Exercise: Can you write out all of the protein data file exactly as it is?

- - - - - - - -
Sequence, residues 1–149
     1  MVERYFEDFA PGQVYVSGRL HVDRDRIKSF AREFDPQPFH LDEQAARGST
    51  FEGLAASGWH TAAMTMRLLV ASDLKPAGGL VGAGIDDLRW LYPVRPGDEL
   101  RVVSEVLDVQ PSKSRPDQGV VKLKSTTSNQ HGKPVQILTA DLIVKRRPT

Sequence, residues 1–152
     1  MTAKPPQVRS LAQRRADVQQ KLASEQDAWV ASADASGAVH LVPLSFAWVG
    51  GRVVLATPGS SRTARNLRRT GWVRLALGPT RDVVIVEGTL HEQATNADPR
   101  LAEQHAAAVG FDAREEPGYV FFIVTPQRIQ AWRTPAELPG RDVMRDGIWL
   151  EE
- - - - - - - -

Sequence, residues 1–149
     1  MVERYFEDFA PGQVYVSGRL HVDRDRIKSF AREFDPQPFH LDEQAARGST
    51  FEGLAASGWH TAAMTMRLLV ASDLKPAGGL VGAGIDDLRW LYPVRPGDEL
   101  RVVSEVLDVQ PSKSRPDQGV VKLKSTTSNQ HGKPVQILTA DLIVKRRPT

Sequence, residues 1–152
     1  MTAKPPQVRS LAQRRADVQQ KLASEQDAWV ASADASGAVH LVPLSFAWVG
    51  GRVVLATPGS SRTARNLRRT GWVRLALGPT RDVVIVEGTL HEQATNADPR
   101  LAEQHAAAVG FDAREEPGYV FFIVTPQRIQ AWRTPAELPG RDVMRDGIWL
   151  EE